The Philistines come in with their agendas of dismantling the American Christian Republic, and what do Christians do? Nothing. They don't even write a letter of protest. The Philistines in America have won battle after battle – not because the church can't win but because the church won't fight. This past Monday, after the Denmark law was passed that made it a crime for a pastor to refuse to perform a homosexual marriage, Theodore Shoebat wrote a wake up call to the church. And, by the way, Theodore Shoebat is the son of Walid Shoebat, a former PLO terrorist who repented of his terrorism and became a Christian. And he understands how the enemy is in this war for keeps. After describing the Danish law that basically criminalizes Christian morality, he said this:
…Christians must become militant against the sodomites in America, because this is exactly what the degenerates want in the United States, to force churches to conduct homosexual weddings. Look at the decree that was just passed in San Antonio, TX, which now prohibits all those in political office from being bias toward homosexuals.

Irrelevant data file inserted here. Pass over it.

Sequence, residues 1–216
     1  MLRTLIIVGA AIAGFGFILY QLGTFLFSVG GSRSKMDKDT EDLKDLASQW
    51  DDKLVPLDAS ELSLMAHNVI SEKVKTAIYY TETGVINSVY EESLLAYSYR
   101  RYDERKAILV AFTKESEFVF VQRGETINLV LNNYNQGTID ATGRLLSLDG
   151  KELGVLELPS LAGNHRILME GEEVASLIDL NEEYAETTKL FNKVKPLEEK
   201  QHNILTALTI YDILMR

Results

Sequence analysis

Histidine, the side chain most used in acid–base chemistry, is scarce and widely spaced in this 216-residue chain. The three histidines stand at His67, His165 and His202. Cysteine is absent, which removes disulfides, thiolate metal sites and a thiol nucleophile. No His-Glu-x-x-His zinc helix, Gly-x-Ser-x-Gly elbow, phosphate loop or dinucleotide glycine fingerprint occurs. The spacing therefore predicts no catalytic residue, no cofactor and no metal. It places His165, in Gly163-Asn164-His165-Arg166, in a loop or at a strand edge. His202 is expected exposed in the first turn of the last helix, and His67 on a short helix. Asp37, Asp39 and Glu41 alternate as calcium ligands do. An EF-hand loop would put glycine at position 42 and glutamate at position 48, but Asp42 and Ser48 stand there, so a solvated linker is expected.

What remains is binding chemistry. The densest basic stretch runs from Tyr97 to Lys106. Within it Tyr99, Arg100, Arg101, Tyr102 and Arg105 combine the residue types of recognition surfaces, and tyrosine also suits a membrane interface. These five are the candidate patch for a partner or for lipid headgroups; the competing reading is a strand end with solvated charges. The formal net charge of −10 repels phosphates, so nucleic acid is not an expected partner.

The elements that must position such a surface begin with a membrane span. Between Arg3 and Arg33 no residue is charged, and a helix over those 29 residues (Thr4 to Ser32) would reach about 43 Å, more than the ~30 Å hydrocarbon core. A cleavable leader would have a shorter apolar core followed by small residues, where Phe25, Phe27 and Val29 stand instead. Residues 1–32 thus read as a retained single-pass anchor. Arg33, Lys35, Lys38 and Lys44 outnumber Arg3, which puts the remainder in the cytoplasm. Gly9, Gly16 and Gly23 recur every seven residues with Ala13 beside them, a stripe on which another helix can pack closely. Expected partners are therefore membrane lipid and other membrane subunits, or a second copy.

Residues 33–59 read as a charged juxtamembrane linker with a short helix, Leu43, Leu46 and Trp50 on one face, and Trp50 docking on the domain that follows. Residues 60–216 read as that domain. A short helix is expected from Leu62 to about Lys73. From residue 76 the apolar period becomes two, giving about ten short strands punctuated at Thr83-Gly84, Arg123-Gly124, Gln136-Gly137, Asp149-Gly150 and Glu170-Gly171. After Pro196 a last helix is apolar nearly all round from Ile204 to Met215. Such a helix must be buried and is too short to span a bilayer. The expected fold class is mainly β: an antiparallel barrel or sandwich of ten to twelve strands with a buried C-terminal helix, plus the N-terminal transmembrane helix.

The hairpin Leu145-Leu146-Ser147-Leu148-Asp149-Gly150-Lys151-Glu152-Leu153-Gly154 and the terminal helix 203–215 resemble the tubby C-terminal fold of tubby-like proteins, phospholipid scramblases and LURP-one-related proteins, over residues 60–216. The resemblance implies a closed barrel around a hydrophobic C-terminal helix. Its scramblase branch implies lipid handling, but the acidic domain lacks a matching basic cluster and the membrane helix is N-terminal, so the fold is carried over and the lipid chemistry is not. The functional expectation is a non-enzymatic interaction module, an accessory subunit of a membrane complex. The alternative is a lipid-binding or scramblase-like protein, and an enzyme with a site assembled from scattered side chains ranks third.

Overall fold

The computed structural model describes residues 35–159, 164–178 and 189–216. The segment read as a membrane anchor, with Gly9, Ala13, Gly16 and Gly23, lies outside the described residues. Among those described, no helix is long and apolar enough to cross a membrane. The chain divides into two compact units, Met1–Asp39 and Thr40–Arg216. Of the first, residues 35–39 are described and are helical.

Absolute equality is absolute despotism. Christians must fight to have Christianity supreme, and not an equal amongst slaves. The ancient kings of Israel understood this, and this is why they suppressed the sodomites and extinguished them from the land. Why can't the governments of today's dead Christendom do what King Asa did?
And Asa did that which was right in the eyes of the LORD, as did David his father. And he took away the sodomites out of the land, and removed all the idols that his fathers had made. (1 Kings 15:11-12)
Today's Christians have no problem with praising David's killing of Goliath, but why don't we ever praise the actions of King Josiah, when he destroyed the pagan brothels of the sodomites?